Children with attention deficit hyperactivity disorder (ADHD) have more trouble avoiding traffic when crossing streets than other children, a new study suggests.
Researchers from the University of Alabama at Birmingham used a computer-generated street intersection to see if 39 children, ages 7 to 10 with ADHD crossed the street less safely than 39 ADHD-free kids.
Previous research has shown that children with ADHD have a greater risk for general injuries, and adults with ADHD tend to be riskier drivers.
“We expected that the kids with ADHD maybe weren't displaying the appropriate curbside behaviors,” said study co-author Despina Stavrinos, an assistant professor at the University of Alabama at Birmingham Injury Control Research Center.
But children with ADHD looked both ways before crossing the street, just like the control group. The difference was that they opted to cross under more dangerous conditions.
Close to getting hit
“We looked at, for example, how much time they left to spare. When is the next car coming though?” Stavrinos said. “They were pretty close to getting hit.”
The kids in the study were being treated at three local clinics, and had been diagnosed with clinical ADHD. The children stopped taking ADHD medication at least 24 hours before the trials. Researchers controlled for parent education and household income.
Researchers first asked the children to cross a 25-foot distance to determine their average walking speed. Then the kids were acclimated to a virtual street-crossing consisting of three screens and a wooden curb.
On the screens, researchers displayed a virtual road with traffic coming in both directions. For the test, the children stepped off the wooden curb onto a pressure plate when they felt it was safe to cross. Each kid repeated the task 15 times.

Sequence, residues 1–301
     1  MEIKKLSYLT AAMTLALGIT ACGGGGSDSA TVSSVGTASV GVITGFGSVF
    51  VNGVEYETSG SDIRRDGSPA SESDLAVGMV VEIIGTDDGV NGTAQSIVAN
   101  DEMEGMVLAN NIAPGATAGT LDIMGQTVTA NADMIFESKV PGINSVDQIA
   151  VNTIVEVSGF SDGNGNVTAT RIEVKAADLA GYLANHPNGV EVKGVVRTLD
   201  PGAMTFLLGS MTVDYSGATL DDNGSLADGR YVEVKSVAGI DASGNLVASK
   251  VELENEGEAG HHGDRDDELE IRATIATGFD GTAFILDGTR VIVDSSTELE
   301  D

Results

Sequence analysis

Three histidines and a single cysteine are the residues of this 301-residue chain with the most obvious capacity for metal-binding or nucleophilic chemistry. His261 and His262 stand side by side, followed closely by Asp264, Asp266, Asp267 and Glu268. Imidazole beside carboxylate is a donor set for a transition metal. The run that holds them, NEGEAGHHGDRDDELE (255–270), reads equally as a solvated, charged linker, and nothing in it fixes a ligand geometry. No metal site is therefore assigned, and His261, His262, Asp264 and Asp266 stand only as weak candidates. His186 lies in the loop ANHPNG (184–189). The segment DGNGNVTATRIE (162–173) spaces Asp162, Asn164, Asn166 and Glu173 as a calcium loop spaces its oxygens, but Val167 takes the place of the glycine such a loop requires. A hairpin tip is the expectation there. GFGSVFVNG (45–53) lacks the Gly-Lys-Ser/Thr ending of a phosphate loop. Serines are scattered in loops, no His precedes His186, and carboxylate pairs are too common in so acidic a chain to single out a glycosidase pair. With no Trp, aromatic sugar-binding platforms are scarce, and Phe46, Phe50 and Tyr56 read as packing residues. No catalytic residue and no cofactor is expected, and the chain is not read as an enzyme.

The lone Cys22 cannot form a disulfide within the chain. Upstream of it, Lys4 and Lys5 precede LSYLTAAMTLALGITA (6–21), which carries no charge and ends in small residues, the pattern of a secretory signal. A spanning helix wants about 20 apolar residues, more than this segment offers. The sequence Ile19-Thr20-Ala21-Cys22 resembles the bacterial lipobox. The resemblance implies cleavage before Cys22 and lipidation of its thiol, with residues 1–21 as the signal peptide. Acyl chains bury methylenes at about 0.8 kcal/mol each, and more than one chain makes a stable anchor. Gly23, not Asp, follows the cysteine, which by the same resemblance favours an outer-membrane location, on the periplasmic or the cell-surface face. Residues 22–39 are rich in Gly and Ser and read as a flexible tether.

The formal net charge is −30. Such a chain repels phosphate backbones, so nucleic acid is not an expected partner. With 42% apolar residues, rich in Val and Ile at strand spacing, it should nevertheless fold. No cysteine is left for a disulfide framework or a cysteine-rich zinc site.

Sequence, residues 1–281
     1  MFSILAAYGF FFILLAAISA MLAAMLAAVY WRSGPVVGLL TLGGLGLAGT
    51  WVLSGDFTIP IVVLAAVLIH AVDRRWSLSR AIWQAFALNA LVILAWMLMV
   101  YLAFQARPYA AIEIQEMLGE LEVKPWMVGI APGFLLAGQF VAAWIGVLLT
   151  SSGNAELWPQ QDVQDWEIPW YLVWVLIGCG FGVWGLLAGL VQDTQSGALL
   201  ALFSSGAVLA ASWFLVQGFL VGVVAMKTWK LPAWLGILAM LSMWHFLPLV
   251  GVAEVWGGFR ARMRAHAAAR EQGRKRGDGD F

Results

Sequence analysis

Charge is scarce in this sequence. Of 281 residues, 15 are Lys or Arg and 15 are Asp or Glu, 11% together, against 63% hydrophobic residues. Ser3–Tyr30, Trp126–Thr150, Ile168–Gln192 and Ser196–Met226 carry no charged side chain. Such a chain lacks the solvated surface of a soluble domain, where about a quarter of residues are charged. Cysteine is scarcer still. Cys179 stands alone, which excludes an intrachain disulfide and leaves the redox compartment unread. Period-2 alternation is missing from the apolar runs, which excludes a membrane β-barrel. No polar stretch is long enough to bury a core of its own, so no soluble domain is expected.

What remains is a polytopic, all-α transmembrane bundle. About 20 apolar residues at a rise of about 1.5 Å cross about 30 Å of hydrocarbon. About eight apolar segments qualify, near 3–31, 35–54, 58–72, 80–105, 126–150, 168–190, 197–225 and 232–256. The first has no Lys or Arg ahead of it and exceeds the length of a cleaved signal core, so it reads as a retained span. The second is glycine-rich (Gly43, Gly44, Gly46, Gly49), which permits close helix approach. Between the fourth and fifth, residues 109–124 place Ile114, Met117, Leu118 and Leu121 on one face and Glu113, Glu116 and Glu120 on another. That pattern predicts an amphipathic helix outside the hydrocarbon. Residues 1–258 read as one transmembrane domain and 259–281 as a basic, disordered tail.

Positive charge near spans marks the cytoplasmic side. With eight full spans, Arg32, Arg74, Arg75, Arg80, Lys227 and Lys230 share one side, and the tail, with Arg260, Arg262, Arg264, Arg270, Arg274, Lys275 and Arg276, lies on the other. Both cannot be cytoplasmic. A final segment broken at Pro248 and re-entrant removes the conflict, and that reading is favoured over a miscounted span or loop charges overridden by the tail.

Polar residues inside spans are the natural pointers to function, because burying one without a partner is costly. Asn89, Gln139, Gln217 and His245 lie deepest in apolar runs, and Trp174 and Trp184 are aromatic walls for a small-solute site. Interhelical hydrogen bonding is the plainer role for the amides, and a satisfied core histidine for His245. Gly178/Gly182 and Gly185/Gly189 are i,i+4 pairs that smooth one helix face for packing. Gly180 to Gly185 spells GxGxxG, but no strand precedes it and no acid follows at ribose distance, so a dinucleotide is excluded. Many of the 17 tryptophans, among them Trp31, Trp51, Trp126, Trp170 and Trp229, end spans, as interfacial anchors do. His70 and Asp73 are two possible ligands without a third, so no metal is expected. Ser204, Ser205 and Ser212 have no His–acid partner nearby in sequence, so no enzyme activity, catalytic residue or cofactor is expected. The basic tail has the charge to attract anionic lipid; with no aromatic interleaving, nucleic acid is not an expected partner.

Researchers used electronics to record measures of the child's performance — the time between vehicles, the number of hits and close calls, the time left to spare, and how long the child waited to cross the street after the last car passed. Video captured how many times the child looked left or right before crossing.
The ADHD group “displayed appropriate curbside behaviors, just like the typically developing controls — the kids without ADHD,” Stavrinos said.
The children with ADHD looked both ways; however, they crossed when it was less safe. They crossed when the gaps in traffic were smaller, and had less time left to spare when they reached the other side of the street, for example.
Differences in decision-making
The difference is decision-making, Stavrinos said. The kids with ADHD seemed to be acquiring all the same information as the controls, but were less effective at processing that information.
This brain function, called executive function, “has been defined as a core deficit in ADHD,” Stavrinos said. “Our study is among the first to consider executive function in the context of pedestrian safety.”
That executive dysfunction played a role in risky street crossings for children with ADHD is no surprise, said Russell Barkley, a clinical professor of psychology at the Medical University of South Carolina.
“ADHD really is a disorder of executive function,” Barkley said. “We already knew that.”
Barkley explained that executive dysfunction in people with ADHD often affects self-awareness , inhibition, working memory, self-motivation and emotional self-control. Also, people with ADHD have an awareness of time, but have trouble applying time to their own behavior.
“They start to cross the street and they have ten seconds, but they act like they have all the time in the world,” Barkley said. “They can't use that sense of time to program what they need to do to get it done. Time is the enemy of anyone with ADHD.”
Using simulators isn't perfect, but it is a proven, ethically acceptable way to safely test probable real world behavior, Barkley said.
One weakness is that the study authors didn't control for IQ, Barkley said. Children with ADHD score 7 to 10 points lower on IQ tests on average, he said. “They would need to have measured IQ and then corrected for it statistically,” he said.
The study is useful because it tells parents that training children to look both ways before crossing a street isn't enough. “You have to monitor ADHD children much more than other children,” Barkley said. “Putting them through a safety class isn't going to change that they are unsafe.”
In the future, Stavrinos hopes to conduct a similar test with children while they're taking ADHD medication to see if their street-crossing behavior is any safer. She'd also like to follow the children into adulthood to study whether they become risky drivers.
Pass it on: Crossing streets may be more dangerous for kids with ADHD. Parents of these children may need to monitor them more closely.
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